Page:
, 50, 1-22.
Spinner Georg R., von Deuster Constantin, Tezcan Kerem C., Stoeck Christian T., Kozerke Sebastian (2017), Bayesian intravoxel incoherent motion parameter mapping in the human heart, in J Cardiovasc Magn Reson
, 19(1), 85-85.
Nagler Andreas, Bertoglio Cristóbal, Stoeck Christian T., Kozerke Sebastian, Wall Wolfgang A. (2017), Maximum likelihood estimation of cardiac fiber bundle orientation from arbitrarily spaced diffusion weighted images, in Med Image Anal
, 39, 56-77.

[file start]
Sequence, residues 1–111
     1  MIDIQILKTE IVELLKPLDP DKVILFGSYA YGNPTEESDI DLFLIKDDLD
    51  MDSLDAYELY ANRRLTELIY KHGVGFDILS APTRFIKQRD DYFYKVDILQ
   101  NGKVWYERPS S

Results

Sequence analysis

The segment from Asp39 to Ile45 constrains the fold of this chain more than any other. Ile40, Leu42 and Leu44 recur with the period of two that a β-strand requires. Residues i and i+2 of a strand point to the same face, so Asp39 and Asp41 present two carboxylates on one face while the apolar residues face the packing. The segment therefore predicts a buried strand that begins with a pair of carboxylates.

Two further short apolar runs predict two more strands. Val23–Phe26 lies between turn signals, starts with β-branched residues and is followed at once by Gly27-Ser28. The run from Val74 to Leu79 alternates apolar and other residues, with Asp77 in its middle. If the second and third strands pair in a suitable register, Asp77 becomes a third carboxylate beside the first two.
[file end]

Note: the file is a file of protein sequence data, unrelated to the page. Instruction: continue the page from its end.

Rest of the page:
In spite of significant advances in diagnosis and treatment, ischemic heart disease remains a leading cause of death worldwide. The loss of functional cardiac muscle tissue due to myocardial infarction causes ventricular remodeling including myofiber disarray, myocardial wall thinning and dilatation, compromising the overall pump function of the heart. Without timely treatment these conditions often lead to heart failure. At a global level 26 million patients suffer from heart failure with an incidence that is steadily increasing with age. While survival has improved over the last decades, 50% of heart failure patients still die within five years upon diagnosis.Critical aspects of the heart failure management are early diagnosis and long-term prognosis, which define the patients’ risk stratification and associated preventative therapy options. To improve early diagnosis, treatment efficiency and ultimately long-term prognosis, it is essential to better understand the cascade of events during disease onset and progression. Computational modeling, in combination with modern simulation tools and new imaging and experimental modalities, now offer the potential to provide greater insight into structural and functional changes of tissue growth and remodeling.The overall objective of the present proposal is to develop image-guided and experimentally validated computational models of cell aggregate-level structural and tissue-level mechanical changes in pathologic cardiac growth and remodeling. To this end, a growth and remodeling law is formulated and implemented, which will be calibrated and validated using longitudinal in-vivo Magnetic Resonance (MR) imaging data and ex-vivo experimental data of cardiac microstructure, tissue and functional parameters in pig models of chronic myocardial infarction and left ventricular volume overload. The proposed program is highly interdisciplinary as it combines in-vivo and ex-vivo imaging in a translational setting, mechanical modeling and numerical simulation. The key work packages of the project are defined as follows:WP1. In-vivo tissue- and organ-level MR and pressure data collection in pig models of chronic myocardial infarction and volume overload•MR cine, displacement and diffusion imaging to quantify cardiac kinematics and microstructure•Application of MR extracellular volume mapping to quantify tissue viability and extracellular volume•Adaptation of our data analysis and processing pipeline to derive kinematic and parametric maps•Longitudinal control study in healthy pigs without intervention to establish reference values •Longitudinal comprehensive MR and pressure measurements during chronic myocardial infarction•Longitudinal comprehensive MR and pressure measurements during chronic volume overloadWP2. Formulation, implementation and calibration of cardiac mechanical model relating cell aggregate, tissue and organ level properties of remodeling heart•Implementation of microstructure-based constitutive law for the myocardium•Formulation of microstructure-based growth evolution law within our existing framework•Formulation and implementation of remodeling law to describe structural change of myofibers•Building of animal-specific bi-ventricular models based on longitudinal in-vivo data •Calibration and validation of growth & remodeling law based on longitudinal in-vivo dataWP3. Validation of the proposed structure-properties relationship using high-resolution ex-vivo imaging and histology •Post-mortem high-resolution MR diffusion tensor imaging for detailed tissue analysis•Implementation and application of ex-vivo MR elastography to quantify mechanical tissue stiffness•Histological staining to quantify distribution of collagen and cardiac muscle•Correlation of model prediction with longitudinal in-vivo and experimental post-mortem data•Validation of proposed structure-properties relationship in health and diseaseThe project proposed herein addresses the lack of data and understanding of cardiac growth and remodeling upon infarction and ventricular volume overload. Using a novel computational modeling framework to combine data from comprehensive MR imaging, a bridge between the remodeling mechanisms taking place at the cell aggregate level over time and the tissue level, which can be probed non-invasively in-vivo, will be established. The concept is expected to pave the way towards quantitative diagnosis and prognostic tools to optimize and personalize treatment strategies in heart failure patients.